Damion “DRoc” Butler has been around hip-hop’s elite figures for the entirety of his 20-year career. He had a brotherly bond with the Notorious B.I.G., helped to cultivate Lil’ Kim as an integral part of Junior M.A.F.I.A., still works with Diddy, and JAY-Z, Nas, Fabolous and others call him friend while always showing love and respect.

DRoc has been growing his Invisible Bully clothing line for several years, and now he’s stepping out with his own music label, Invisible Bully Music. And while DRoc has encountered plenty of upcoming and aspiring MCs that he could have done business with, he waited for that extra special diamond in the rough to sign and stamp as the next microphone master to be at the forefront of a generation. Through a mutual friend, DRoc discovered Chris Matic, a Kingston, Jamaica-born lyricist who grew up in both New Jersey and Brooklyn, N.Y.

The very first release from IBM is Matic’s “Calories,” a stirring series of lyrical roundhouse kicks in which, over the beat from Cam’Ron and Prodigy’s “Losing Weight,” he effortlessly gives everyone an earful of the pain and the prophecies of impending glory.

“The title, funny enough, was really a freestyle [off] that entire record,” Matic explained to REVOLT TV while in New York. “I was really paying respects to Prodigy—rest in peace to Prodigy, first and foremost; condolences to his family. I was coming off the energy of that record that he had with Cam’Ron, ‘Losing Weight.’ Instead of calling it a ‘Losing Weight Freestyle,’ creatively, I was like, let’s call it ‘Calories,’ like we’re burning weight. We’re moving weight, losing weight.”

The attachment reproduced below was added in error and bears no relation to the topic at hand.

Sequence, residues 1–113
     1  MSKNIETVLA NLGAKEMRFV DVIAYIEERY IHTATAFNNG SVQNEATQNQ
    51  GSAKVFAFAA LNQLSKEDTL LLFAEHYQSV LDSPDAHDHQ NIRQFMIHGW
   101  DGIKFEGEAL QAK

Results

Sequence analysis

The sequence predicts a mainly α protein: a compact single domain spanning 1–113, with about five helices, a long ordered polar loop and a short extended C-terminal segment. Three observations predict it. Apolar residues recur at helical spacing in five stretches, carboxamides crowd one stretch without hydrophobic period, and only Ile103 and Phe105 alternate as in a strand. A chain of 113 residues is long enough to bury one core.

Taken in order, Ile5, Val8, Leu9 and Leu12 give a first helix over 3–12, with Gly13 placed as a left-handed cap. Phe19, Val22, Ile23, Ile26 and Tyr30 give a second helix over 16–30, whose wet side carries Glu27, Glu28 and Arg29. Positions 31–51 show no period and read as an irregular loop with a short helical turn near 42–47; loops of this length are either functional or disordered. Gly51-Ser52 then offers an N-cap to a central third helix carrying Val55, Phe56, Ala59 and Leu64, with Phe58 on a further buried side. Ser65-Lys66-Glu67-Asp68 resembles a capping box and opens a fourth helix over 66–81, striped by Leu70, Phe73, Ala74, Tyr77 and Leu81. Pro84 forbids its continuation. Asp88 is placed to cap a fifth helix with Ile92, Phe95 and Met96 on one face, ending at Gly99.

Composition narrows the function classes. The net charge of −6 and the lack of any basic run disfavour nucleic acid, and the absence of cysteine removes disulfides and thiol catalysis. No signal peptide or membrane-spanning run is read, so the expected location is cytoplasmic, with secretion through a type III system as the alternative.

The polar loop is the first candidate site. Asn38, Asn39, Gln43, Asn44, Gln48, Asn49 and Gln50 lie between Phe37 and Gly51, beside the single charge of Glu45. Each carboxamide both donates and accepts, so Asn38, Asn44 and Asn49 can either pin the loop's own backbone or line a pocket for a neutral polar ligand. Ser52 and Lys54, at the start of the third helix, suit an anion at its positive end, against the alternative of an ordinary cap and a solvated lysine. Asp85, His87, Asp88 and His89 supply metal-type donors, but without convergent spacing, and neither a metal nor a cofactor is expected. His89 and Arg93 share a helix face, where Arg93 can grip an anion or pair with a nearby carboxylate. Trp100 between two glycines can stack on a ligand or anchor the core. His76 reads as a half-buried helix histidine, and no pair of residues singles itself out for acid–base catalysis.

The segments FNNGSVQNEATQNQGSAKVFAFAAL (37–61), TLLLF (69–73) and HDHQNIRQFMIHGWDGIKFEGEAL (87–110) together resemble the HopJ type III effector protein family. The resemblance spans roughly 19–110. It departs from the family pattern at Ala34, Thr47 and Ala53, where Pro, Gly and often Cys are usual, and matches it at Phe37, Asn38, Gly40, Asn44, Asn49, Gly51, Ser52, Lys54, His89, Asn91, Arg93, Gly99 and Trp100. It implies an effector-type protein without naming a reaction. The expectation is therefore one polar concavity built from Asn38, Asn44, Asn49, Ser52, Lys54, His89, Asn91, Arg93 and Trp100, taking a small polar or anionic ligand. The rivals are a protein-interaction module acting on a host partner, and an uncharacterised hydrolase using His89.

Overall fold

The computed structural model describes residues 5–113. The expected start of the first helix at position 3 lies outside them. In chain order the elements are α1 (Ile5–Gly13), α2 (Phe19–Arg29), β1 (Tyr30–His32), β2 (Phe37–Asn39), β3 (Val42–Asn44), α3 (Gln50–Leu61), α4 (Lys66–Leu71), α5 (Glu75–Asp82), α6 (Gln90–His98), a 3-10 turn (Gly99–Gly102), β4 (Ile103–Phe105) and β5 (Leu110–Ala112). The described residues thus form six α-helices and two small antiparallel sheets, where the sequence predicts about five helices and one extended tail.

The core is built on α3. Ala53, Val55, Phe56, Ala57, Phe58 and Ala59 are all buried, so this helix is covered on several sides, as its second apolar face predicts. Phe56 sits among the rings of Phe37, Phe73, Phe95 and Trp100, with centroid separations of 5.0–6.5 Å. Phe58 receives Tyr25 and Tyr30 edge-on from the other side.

“I love how that song feels,” he added about the original. “With that feeling, that just inspired me to blend my vibes with that record in respect to what they did and still keep the signature sound. I never sampled it, I never wanted anything, I didn’t want to remake it; I just wanted to contribute my essence to what they did. It came out great.”

The song’s music video was shot in Brooklyn and gives the viewer a literal in-your-face look at Matic in his neighborhood.

“It’s like direct contact,” he said. “It’s like me engaging with you, like this is Chris Matic, this is who I am. Everything I’m saying is very real. There’s no flaws in it. There’s no lies. There’s no fabrication. It’s realistic, and this is what’s going on.”